BACKGROUND: In the years 1985-1998, it was noted that mild iodine deficiency (MID) was a public health problem in Belgium. Therefore, an agreement was signed in 2009 between the bakery sector and the Ministry of Health, to fortify bread with iodized salt. We tested the hypothesis that the iodine status of Belgian children improved after the introduction of bread fortified with iodized salt. Since the dietary habits of children and adults may differ, we also investigated whether the median urinary iodine concentration (UIC) among the children in this study reflected the iodine status of their mothers.
METHODS: The study was cross-sectional. In a van, equipped with an ultrasound device, the thyroid volumes (Tvol) of children were measured and household salt samples and urine samples were collected from the children and their mothers. From across Belgium, 60 schools were selected and 1541 children participated in the study.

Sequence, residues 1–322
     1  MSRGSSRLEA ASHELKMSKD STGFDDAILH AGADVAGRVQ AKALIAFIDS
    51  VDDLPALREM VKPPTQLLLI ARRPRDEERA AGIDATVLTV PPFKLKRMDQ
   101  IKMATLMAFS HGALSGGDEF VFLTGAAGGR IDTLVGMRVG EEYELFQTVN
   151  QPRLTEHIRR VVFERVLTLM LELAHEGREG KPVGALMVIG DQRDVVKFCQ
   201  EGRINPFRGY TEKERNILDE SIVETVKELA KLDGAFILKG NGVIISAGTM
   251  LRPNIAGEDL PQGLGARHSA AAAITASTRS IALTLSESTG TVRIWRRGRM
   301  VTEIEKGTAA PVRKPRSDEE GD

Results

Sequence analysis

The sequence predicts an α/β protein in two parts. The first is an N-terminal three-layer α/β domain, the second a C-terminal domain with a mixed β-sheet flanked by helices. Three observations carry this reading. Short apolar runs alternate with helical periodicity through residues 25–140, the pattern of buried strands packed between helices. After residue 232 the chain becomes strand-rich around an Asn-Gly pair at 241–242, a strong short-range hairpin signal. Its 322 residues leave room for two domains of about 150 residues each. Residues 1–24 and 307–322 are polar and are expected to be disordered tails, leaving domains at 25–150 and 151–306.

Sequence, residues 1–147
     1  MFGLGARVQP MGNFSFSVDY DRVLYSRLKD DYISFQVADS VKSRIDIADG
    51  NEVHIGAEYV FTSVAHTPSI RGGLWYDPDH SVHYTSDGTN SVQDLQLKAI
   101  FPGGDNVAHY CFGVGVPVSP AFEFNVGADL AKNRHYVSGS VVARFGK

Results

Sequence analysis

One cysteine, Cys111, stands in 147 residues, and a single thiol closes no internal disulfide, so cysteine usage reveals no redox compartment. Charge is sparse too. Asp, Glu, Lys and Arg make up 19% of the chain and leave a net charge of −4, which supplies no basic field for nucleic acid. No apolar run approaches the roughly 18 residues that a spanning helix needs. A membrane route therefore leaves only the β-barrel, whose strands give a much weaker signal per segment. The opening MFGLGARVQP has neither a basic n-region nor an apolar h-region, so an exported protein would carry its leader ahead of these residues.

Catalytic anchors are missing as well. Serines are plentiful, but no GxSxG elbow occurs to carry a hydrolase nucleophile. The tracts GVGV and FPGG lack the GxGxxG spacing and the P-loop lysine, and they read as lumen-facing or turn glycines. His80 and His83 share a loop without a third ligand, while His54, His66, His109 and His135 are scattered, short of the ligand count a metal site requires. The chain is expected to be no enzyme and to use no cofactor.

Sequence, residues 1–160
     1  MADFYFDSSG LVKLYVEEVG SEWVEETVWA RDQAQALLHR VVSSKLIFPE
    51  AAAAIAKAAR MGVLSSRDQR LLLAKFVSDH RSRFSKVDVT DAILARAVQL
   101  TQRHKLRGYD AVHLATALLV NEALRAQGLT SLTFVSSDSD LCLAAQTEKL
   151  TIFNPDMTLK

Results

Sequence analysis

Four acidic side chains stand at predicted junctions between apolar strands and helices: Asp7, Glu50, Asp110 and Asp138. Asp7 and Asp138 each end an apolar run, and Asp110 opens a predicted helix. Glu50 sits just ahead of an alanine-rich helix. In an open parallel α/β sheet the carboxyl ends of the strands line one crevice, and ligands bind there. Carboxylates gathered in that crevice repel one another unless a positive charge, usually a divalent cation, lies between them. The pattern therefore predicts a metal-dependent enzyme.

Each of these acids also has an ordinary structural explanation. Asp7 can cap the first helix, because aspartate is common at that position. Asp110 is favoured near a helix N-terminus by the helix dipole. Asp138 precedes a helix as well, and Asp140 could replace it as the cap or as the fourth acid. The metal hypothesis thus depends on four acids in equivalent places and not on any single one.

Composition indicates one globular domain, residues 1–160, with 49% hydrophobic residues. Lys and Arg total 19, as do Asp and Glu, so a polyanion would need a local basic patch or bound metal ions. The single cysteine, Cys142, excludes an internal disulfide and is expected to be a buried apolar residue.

RESULTS: The median UIC in children was 113.1 and 84.4 μg/L among their mothers. The median UIC among children was substantially greater compared to more than 10 years ago (80 μg/L; p<0.001). The median UIC in school-aged children was lower in Wallonia than in Flanders (p<0.001) and was higher in boys than in girls (p<0.001). The percentage of children with goiter was 7.2%. Of the 904 salt samples received, 63.2% did not contain iodine.
CONCLUSIONS: Fortification of bread with iodized salt corrected iodine deficiency in Belgian children, but not in their mothers. To provide these women with an adequate iodine intake, the use of both iodized salt in bread and iodized instead of noniodized household salt needs to increase. Our findings suggest that the median UIC in children may not be an adequate surrogate of adults' iodine status. Therefore, monitoring iodine status should not be limited to children, but should be extended to women of child-bearing age.